Mojo: How to Get It, How to Keep It, and How to Get It Back When You Need It!‘, Marshall Goldsmith suggests that mojo is:
- “The concept of positive momentum: success building upon success. It anchors our self-esteem, shapes our careers and influences those around us.
- That much-desired sweet spot in an organization's year, a sports team's season, or an individual's career where everything is going the right way-and success builds upon success.”
Goldsmith explains that in order to gain, retain and recapture mojo, thereby gaining organisational momentum, business leaders must control three elements:
- Identity (Who do you think you are?)
- Achievement (What have you done lately?)
- Reputation (Who do other people think you are? What do other people think you've done lately?).
The organisational version of Goldsmith’s mojo is a bit of a different, although not too dissimilar, concept to my own version of mojo that I’ve posted about on this blog:
- “The organisation's real central essence that gives it its life and character and distinguishes it from elsewhere.
- A compelling strategy based upon a key purpose that is internally rather than externally generated.”
This definition fits most closely with the ‘identity’ element of Goldsmith’s concept. To me, achievement and reputation are outcomes of mojo, rather than part of the thing itself.
I also suggest that there are two types of organisational mojo:
“The first of which is something absolutely central to organisational strategy and which is going to make this strategy real and achievable. The second is a complementary focus to the main business strategy - something that will fit beside and support (if not drive) the strategy, but which will be more motivating for employees.”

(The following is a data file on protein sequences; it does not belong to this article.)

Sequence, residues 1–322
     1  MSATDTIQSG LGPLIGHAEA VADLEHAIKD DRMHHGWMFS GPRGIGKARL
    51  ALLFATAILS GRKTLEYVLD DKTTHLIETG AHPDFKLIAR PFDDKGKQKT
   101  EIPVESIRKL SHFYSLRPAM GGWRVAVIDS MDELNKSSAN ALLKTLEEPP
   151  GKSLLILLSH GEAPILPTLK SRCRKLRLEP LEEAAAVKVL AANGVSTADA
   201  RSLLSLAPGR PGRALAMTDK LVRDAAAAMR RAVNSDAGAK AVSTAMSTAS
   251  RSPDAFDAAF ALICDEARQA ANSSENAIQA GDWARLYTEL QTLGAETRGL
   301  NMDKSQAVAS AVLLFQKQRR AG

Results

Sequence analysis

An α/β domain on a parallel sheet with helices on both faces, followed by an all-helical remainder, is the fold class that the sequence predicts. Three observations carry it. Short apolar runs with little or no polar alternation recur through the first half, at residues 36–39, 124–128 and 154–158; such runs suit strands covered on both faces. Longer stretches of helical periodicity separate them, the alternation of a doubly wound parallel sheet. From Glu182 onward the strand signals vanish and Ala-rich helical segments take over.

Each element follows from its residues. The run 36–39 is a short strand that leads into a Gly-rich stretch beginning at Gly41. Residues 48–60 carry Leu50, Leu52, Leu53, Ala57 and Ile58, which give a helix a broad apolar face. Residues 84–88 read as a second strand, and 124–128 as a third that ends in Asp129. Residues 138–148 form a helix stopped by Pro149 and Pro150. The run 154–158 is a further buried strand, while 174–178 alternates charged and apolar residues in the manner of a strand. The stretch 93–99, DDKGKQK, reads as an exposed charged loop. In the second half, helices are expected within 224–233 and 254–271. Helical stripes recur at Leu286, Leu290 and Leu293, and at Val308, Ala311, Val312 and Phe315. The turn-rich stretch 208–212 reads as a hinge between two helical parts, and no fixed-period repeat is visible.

The key to both these types of mojo, and the thing that distinguishes them from a better known BHAG, is that they focus on HOW and organisation works, rather than WHAT it does (ie about how the organisation's going to be rather than what it's going to do). This also seems to fit with Goldsmith’s ‘identity’ element.
The second area of agreement between our two concepts is that both our forms of mojo emphasise the need for it to be internally generated – ie it is based upon they way the organisation already behaves, rather than what it would like to do in order to compete more effectively in the marketplace. In Goldsmth’s words, it “starts on the inside and is apparent on the outside”.
This is the core reason why I think HCM strategy should follow an inside-out approach.
Outside-in is fine for the development of a BHAG-led HR strategy, but as Goldsmith notes, mojo starts on the inside.
* This post was triggered by an article on Marshall Goldsmith / Mojo on BNet.